In a post about the debt ceiling debate at Catholic Moral Theology, you wrote: “Christians in particular should understand that the finitude of our natures and of our resources means that rationing health care is an inescapable feature of human existence,” but research has shown that Christians often cling to artificial life extension as tenaciously, if not more tenaciously than others. What can be done about this disconnect between what Christians should understand and what they do?

Anyone gazing at a crucifix can see that preserving biological life at all costs is a failure not only to follow the example of Jesus, but of the early Christian martyrs as well. Following the commands of God to do justice to the most vulnerable, especially when it means meeting their basic health care needs, trumps whatever good can come from pumping huge amounts of money into an attempt to prolong the fate that awaits us all. Unfortunately, many self-described Christians have traded our tradition of justice for the most vulnerable and a belief in the kingdom of God for an understanding of secular individual rights which can envision no life but this one. But no one can serve two masters, and modern-day Christians should think hard about to what or whom they own their ultimate allegiance.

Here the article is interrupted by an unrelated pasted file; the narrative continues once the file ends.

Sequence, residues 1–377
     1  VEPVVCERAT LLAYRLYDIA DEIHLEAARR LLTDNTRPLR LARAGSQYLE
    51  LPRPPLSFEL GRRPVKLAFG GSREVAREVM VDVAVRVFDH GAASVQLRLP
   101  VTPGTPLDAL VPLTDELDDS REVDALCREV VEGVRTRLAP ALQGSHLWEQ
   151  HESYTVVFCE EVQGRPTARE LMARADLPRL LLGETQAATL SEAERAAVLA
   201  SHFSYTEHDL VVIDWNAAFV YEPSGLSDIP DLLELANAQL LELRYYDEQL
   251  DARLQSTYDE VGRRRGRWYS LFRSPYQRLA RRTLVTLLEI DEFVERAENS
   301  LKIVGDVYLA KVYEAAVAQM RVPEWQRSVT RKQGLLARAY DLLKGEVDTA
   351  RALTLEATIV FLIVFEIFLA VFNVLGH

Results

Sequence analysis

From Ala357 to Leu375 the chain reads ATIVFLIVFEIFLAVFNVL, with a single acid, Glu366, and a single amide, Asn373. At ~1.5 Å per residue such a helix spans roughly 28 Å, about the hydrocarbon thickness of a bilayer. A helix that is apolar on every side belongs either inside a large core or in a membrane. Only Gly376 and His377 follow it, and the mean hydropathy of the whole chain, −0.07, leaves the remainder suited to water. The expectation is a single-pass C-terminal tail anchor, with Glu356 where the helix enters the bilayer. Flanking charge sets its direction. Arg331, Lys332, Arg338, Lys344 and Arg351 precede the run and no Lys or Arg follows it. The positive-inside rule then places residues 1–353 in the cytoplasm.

Here’s the article at  HuffPost.

Serving God in the Family “Business”: A Candid Interview with William Franklin Graham IV @TheHighCalling